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You don't know climb until you've built one
of these flying bullets. Good soarer, too.

You'll smile, too, when you see how your Strato-Streak can climb.

Why rules need changing. Nothing can touch a job like this one.

Wing fins prevent spiral dives. Motor unit detaches. Atom motor.

THE Strato-Streak was created to prove beyond all doubt that the vest-pocket gas model can compete almost on an equal basis with larger-sized contest gas models. In creating the design, full consideration was given to all existing proven features of successful gas models. The acceptable features were embodied in addition to a number of new ideas.

This ship was designed for performance without any particular stress on appearance. Only the features vital to high-grade performance were incorporated. The gas-model competition rules being what they are, a fast climb is of primary importance. The model was made directionally stable so that it could point its nose to the sky and keep climbing on its tail until the motor cut. It was streamlined to the nth degree, all resistance being cut down to a minimum, so that a fast climb would be possible. To assist in this, a thin airfoil was used. When the motor cuts, the proportionately large wingspan, coupled with a short moment arm, permits tight gliding circles which are vital for taking advantage of rising currents.

Construction is simplicity itself. The fuselage, composed of four longerons, is square. The wings have a straight taper, eliminating the possibility of warp. The tail is the same. The wing fins and rudder are sheet balsa, which makes for the easiest construction. The ignition unit, the source of greatest trouble with small models, is so simply arranged, that it presents no problems, even for beginners.

The simplicity of this high-performance model proves conclusively the practicability of vest-pocket gas models, which can be rapidly constructed and which will give performance equal to, if not better than, models of twice or three times its size -- and the larger ships require many days of tedious labor and are costly to repair when damaged. This entire model can be built for less than a dollar. If it is properly constructed without warp, we urge extreme caution in flying it with motor runs over ten seconds. The model will consistently fly out of sight when a full twenty-second motor run is allowed.


Make the two fuselage sides one on top of the other. Note that the longerons go past the first cross brace to act as allocating stubs for the firewall. Assemble the square body. Fill in the two sides and bottom between the first and second cross brace with 3/32" sheet balsa and cover the next side station with celluloid on whichever side is more practical for you. Through this window you can watch the timer and thereby vary the motor run to your liking. Cut the plywood bulkhead carefully so that the four longeron stubs fit snugly. Give it a coat of glue. Screw on the motor mounts temporarily and then locate the landing-gear wire. If you use the built-in gas tank, put it on the side which is handier for you. Make the V-shaped ignition channel and glue it in the back of the firewall. In its correct position it is lying on one side on the bottom of the body. Wire up the ignition unit and try it. Open the ports of the engine and press the breaker points together for a split second. If the ignition is healthy, a loud click is heard in the cylinder. In case this click is heard only once in a while, the cause may be worn or dirty points, weak batteries, or fouled plugs, providing the wiring is O.K. and the coil and condenser are in good shape. Do not proceed with the rest of the plane unless your motor is running smoothly. Decide just this once that the ignition is not the last thing in the model -- but the first.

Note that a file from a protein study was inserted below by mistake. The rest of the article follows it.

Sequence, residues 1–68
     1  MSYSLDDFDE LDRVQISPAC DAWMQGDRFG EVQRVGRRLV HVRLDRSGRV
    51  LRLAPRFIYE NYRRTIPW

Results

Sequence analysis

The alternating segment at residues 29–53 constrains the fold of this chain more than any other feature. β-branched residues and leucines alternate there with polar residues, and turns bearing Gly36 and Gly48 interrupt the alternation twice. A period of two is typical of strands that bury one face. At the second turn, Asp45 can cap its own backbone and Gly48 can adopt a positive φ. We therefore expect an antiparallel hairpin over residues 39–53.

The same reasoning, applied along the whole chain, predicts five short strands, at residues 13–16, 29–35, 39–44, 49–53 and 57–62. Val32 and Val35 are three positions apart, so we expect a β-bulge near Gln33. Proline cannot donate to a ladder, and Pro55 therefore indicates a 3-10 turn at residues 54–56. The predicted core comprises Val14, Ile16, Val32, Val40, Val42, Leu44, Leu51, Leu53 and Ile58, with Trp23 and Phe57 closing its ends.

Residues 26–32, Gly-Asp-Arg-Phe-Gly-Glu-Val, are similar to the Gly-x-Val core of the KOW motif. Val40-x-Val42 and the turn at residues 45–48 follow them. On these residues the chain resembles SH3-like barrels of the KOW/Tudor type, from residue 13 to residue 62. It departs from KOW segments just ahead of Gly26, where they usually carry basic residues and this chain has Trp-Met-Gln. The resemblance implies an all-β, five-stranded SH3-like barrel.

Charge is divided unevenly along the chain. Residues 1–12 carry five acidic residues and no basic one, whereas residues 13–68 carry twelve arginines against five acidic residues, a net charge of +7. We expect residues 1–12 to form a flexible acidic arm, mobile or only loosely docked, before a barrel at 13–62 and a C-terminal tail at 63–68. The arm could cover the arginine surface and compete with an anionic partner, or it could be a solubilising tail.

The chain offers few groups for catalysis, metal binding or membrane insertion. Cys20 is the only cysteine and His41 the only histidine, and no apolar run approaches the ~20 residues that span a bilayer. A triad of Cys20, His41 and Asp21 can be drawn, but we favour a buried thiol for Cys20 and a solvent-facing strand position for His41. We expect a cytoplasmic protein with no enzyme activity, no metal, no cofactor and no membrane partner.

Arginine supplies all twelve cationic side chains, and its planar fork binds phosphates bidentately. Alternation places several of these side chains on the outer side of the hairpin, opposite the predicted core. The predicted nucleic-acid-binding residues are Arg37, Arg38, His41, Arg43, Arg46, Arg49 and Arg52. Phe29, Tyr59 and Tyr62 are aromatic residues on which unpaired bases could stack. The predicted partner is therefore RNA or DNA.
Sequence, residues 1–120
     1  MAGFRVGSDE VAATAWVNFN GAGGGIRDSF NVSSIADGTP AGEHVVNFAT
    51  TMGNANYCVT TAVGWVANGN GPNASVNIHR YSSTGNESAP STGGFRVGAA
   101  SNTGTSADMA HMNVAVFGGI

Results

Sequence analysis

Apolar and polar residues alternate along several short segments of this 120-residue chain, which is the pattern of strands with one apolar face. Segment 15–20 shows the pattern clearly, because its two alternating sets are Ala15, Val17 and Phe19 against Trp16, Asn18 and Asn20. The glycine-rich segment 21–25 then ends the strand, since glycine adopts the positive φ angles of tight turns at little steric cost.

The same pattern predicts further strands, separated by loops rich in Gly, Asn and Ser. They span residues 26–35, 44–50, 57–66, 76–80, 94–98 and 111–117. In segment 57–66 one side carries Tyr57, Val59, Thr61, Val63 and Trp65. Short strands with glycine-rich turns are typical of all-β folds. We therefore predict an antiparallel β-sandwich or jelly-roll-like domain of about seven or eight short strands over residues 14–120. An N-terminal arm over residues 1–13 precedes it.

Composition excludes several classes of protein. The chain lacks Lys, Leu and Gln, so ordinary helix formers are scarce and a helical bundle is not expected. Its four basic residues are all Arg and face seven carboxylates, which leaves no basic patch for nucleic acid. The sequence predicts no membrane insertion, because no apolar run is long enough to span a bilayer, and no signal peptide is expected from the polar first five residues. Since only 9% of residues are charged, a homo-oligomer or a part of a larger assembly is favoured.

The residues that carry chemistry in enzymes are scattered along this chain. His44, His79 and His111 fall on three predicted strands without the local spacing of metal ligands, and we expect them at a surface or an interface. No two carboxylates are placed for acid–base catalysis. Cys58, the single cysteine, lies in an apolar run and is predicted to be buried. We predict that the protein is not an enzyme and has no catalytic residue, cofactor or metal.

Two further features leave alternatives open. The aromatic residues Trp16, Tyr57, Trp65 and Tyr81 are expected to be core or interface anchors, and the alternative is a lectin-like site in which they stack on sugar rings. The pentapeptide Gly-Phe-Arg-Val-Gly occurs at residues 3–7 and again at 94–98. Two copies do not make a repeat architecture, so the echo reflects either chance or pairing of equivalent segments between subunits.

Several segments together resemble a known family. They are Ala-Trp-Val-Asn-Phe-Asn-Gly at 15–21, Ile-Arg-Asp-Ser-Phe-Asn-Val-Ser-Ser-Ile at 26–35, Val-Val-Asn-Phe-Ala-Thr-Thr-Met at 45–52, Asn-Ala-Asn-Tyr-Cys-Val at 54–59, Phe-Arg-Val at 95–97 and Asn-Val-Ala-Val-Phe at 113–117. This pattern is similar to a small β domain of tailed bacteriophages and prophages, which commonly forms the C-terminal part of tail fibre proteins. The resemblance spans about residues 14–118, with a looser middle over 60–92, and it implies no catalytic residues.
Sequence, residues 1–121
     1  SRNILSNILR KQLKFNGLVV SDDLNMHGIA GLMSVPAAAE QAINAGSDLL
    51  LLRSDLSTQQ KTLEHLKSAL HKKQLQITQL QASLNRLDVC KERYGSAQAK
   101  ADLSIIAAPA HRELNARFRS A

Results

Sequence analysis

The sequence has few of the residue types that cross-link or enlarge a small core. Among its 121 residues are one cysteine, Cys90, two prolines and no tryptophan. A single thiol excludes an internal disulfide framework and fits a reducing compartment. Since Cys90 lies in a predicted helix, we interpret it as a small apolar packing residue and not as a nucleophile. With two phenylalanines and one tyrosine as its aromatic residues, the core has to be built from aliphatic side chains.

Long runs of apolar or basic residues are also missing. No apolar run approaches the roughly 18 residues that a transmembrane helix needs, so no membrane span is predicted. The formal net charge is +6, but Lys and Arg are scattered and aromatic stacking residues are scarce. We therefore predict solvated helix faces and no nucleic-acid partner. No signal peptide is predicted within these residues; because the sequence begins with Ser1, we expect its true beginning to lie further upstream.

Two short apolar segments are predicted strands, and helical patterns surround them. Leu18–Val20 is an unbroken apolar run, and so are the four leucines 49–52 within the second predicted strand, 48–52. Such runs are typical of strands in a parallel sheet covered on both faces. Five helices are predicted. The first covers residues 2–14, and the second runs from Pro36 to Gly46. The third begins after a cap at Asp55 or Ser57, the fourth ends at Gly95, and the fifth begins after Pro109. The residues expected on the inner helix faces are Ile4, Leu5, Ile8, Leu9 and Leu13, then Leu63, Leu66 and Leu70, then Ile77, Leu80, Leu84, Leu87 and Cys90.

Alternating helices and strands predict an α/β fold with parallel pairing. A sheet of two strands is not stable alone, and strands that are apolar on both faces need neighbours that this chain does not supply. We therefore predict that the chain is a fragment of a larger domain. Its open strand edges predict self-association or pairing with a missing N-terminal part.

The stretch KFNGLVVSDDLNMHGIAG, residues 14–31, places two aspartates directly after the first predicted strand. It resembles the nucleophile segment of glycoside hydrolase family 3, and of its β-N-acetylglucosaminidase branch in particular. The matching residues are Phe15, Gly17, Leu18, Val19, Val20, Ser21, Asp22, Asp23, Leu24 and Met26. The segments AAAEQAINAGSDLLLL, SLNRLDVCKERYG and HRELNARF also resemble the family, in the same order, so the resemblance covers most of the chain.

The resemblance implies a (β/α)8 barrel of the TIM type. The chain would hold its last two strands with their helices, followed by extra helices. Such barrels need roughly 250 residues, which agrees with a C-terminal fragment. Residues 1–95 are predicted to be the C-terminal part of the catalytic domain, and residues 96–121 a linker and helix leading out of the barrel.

Make the wing in four sections. Cover with light Silkspan. On the tip sections, cover with the grain running parallel to the ribs. This reduces the possibility of warp and makes a smoother airfoil. The elevator is made the same way. Cover all the rudders with Silkspan.


If the wing is not warped, the model should hand-glide beautifully. Correct the incidence on the elevator in case it is necessary. Use a six second motor run on the first flight, with the spark advanced halfway. (About ten-o'clock position on the Atom.) The model should go to the right under power and glide to the left. The final adjustment on my models boils down to 1/16" right thrust under the firewall and 1/4" left on the tip of the rudder tab. Adjusted properly and with a hot motor, the Strato-Streak will reach an unbelievable altitude in twenty seconds and will glide with the best of them.

Keep 'em streaking!


6 36 x 3/16" sq. hard
4 sheets 3/32 x 3 x 36" soft quarter-grained
1 sheet 5/32 x 2 x 36" medium
1 sheet 3/16 x 2 x 36" medium
1 sheet 1/4 x 2 x 18" medium
1 block 2-1/2 x 3/4 x 1-1/4"  
2 36 x 1/4 x 1/4" hard
1 2-1/4 x 2-1/4" 3/16 plywood
1 2 x 9" 1/32 plywood
1 piano wire .072 10" long, also a length of .040 and .028 wire, wheel, bolts, nuts, hook-up wire, et cetera.

Scanned From December 1941
Air Trails

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